Small Chinese Fuseki
The mini-Chinese fuseki (or small-Chinese fuseki) is the pattern of , and in the diagram below. may also be a play at a against a White komoku at b. The placement of may vary ("d" is also common), and is sometimes played one line higher.
The relationship between and is identical to that in the Chinese Fuseki and gives the fuseki its name. Black intends to use the same strategies as the regular Chinese against a white play around c.
White can prevent the formation of the mini-Chinese by playing a pincer against . (See Preferring to pincer.) Equally White can play 6 at c. An important difference between the pincer and the play at c is who gets to take the initiative in the upper left corner (see BQM 31 / Modern Double Kakari). White should make her choice based on which type of game she prefers.
Charles Matthews looked at the mini-Chinese in chapter six, "Adding Asymmetry", of his series at Mindzine here and Josh Allen? introduced the mini-Chinese in a video here.
This is one possible continuation played around 2001-2003 by Korean players and then Chinese players. is necessary, as pushing makes white shape collapse quickly. After , 'a' and 'b' are black's options (there are almost no traces of other followups in pro games). White still has aji of the probe 'c', followed by a crosscut and cap at 'd'.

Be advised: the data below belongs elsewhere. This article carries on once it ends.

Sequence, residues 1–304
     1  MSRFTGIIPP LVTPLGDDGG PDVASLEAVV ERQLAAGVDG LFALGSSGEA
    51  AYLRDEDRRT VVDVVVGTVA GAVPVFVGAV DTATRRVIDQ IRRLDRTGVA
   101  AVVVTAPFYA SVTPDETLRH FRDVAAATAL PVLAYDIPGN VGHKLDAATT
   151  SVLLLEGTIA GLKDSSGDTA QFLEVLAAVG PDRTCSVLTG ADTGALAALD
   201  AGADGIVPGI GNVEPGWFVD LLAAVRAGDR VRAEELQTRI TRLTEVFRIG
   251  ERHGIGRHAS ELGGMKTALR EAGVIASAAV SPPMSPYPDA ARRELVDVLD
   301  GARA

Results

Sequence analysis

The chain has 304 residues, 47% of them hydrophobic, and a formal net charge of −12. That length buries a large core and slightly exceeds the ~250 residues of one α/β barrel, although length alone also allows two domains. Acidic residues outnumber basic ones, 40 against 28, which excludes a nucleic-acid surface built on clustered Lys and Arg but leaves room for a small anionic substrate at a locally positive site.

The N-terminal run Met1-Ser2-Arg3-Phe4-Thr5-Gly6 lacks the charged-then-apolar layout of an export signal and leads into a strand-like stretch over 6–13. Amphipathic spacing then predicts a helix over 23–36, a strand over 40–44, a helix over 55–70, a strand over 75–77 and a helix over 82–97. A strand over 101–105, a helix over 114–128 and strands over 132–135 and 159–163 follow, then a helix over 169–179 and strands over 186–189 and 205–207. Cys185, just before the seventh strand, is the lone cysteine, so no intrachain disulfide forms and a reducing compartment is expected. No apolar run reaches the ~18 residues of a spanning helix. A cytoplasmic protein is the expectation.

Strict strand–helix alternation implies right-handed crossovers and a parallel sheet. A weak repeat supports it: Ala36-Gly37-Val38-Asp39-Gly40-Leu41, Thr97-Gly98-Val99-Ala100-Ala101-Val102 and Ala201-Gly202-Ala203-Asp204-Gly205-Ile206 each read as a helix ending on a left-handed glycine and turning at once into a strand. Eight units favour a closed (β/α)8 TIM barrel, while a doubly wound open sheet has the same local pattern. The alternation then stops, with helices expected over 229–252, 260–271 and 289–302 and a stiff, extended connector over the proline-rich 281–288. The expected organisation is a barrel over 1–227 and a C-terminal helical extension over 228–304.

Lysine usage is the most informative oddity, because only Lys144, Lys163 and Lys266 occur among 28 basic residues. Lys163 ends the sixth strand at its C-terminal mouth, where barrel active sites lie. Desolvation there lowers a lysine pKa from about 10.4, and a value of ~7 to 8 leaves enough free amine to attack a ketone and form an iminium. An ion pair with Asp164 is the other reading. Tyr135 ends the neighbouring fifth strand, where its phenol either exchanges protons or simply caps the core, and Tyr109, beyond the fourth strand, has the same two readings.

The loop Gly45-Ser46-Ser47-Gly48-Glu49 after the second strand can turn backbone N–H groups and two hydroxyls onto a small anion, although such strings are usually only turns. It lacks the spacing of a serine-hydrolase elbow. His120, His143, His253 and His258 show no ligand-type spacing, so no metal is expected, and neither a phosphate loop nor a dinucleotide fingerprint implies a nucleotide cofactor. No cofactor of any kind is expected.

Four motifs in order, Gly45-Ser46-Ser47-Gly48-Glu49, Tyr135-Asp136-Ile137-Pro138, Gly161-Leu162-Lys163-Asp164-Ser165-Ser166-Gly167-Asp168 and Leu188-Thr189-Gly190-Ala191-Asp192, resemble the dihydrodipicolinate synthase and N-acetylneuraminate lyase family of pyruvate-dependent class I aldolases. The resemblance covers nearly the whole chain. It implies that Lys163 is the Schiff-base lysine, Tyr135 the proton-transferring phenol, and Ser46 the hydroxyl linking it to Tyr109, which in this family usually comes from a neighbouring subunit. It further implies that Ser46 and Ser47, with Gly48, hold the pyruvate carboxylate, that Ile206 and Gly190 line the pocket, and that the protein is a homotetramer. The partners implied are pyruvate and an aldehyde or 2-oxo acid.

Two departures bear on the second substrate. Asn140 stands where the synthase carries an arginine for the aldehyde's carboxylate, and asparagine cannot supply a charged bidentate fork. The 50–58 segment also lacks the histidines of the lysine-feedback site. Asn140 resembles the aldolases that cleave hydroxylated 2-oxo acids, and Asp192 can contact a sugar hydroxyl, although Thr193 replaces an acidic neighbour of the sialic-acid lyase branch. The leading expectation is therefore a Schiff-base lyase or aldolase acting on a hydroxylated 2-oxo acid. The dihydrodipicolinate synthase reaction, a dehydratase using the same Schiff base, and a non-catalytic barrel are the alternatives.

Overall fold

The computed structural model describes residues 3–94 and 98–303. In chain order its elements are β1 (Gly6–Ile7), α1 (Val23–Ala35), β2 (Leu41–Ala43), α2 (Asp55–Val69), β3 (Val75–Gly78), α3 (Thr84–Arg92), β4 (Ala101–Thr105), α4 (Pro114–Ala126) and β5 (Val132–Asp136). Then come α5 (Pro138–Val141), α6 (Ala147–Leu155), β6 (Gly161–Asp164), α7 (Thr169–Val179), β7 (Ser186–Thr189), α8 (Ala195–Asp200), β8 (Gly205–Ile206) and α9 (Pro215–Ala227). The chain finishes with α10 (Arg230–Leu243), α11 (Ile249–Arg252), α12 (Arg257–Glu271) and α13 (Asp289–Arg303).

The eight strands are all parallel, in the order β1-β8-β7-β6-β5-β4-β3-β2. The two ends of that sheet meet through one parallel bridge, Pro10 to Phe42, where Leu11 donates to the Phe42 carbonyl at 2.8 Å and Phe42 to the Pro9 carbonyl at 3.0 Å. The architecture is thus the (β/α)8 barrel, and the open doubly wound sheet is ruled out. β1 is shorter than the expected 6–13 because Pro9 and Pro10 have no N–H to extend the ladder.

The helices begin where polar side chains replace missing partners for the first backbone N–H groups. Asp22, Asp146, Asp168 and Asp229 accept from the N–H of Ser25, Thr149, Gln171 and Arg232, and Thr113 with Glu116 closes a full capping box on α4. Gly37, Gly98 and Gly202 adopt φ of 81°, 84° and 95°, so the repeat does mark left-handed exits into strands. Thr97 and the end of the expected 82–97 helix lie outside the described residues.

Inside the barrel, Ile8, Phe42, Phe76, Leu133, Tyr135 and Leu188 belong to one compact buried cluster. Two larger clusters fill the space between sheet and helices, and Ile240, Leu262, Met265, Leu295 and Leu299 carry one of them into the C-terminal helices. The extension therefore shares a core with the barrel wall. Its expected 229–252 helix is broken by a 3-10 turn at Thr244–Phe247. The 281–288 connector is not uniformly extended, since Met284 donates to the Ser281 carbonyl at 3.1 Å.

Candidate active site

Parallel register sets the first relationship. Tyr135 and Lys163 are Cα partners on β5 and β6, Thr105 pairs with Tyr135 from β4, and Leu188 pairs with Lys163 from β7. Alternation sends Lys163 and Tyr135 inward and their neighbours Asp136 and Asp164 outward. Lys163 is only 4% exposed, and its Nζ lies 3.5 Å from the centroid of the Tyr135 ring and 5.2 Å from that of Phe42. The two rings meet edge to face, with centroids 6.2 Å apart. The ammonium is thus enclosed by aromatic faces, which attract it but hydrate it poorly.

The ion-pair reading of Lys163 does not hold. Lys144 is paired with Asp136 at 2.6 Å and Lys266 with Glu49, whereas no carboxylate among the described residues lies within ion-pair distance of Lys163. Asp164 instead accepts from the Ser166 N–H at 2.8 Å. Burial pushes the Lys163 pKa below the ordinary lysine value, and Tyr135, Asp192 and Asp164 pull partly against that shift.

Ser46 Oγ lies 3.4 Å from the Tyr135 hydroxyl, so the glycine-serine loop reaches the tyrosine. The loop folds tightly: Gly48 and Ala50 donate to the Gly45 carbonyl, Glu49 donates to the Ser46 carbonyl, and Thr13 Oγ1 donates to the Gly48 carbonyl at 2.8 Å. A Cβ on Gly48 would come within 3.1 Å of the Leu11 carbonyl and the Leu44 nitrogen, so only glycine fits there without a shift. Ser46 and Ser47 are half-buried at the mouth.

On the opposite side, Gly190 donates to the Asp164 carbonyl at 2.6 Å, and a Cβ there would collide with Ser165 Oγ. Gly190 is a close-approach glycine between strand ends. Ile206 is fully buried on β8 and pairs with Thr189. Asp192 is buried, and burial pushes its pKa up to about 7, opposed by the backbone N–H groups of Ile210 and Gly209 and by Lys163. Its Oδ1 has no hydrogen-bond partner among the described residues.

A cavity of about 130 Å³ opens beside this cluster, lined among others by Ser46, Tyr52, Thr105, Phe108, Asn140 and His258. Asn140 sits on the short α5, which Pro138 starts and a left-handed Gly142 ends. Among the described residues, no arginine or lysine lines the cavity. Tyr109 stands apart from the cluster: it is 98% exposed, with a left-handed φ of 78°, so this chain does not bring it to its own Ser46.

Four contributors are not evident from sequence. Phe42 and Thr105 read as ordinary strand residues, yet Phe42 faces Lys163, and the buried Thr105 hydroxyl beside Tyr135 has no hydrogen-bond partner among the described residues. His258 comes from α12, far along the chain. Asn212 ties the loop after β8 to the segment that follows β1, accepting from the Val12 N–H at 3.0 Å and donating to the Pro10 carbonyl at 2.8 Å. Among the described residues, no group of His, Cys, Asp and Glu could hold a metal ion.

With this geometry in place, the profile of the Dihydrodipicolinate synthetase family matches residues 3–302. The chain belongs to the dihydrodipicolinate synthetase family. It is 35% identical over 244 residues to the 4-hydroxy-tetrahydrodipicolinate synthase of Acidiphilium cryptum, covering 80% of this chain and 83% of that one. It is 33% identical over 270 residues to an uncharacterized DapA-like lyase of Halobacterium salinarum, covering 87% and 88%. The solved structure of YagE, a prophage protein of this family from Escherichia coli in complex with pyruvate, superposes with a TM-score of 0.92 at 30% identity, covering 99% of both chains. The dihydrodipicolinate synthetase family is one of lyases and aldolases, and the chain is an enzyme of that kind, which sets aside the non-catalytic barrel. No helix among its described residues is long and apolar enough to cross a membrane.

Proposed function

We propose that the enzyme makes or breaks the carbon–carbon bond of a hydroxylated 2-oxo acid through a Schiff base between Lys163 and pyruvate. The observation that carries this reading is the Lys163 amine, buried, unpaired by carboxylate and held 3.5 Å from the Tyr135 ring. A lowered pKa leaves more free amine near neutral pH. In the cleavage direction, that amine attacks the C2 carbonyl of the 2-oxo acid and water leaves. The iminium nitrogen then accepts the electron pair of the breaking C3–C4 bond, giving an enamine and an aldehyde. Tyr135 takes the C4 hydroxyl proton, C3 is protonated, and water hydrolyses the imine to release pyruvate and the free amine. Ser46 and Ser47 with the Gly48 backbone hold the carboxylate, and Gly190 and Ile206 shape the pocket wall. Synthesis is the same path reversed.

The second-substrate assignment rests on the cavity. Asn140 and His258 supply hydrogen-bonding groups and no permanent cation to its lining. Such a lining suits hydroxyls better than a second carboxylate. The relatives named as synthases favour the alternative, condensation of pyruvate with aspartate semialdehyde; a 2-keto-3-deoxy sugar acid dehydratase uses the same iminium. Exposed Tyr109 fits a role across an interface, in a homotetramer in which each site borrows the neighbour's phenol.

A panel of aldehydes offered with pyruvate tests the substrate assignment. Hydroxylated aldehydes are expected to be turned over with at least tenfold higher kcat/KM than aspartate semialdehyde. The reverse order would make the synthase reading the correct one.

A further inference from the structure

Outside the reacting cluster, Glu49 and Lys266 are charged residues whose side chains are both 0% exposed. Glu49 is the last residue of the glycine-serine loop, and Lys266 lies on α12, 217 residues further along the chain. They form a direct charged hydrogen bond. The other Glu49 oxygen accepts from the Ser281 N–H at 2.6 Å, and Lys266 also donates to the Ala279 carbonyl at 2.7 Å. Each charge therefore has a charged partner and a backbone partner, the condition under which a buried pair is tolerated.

This sequence is also plausible when black has any large moyo at the top, not only the mini-Chinese.
As of 2016, approximately 1/3 of all games played after contain , boasting a win rate of approximately 51%.
As of 2016, approximately 2/3 of all games played after contain , boasting a win rate of approximately 60%. Compared to the previous diagram, if White responds to @ a, then after Black plays b it's as though Black gained the free exchange of /a. Therefore, became a popular reply.
Disrupting the mini-Chinese
Several counter-strategies exist for disrupting the mini-Chinese.
In Weiqi Tiandi Issue 7, 2010, the misnomer "Korean opening" or 'Korean mini-Chinese' was used to describe Black taking a 4-4 corner in conjunction with the mini-Chinese formation and playing in the opposite corner (see below). However, these opening ideas were seen in Japanese and Chinese professional games long before Korean. Furthermore, placement differences of corners opposite the mini-Chinese formation are simply subvariations of the overall mini-Chinese, and with the aim of approaching to prevent the mini-Chinese were also standard counter-strategies. (See Discussion Forum for more information.)
In this game from around 1710 Honinbo Dochi played a mini-Chinese on the top side against Aihara Kaseki.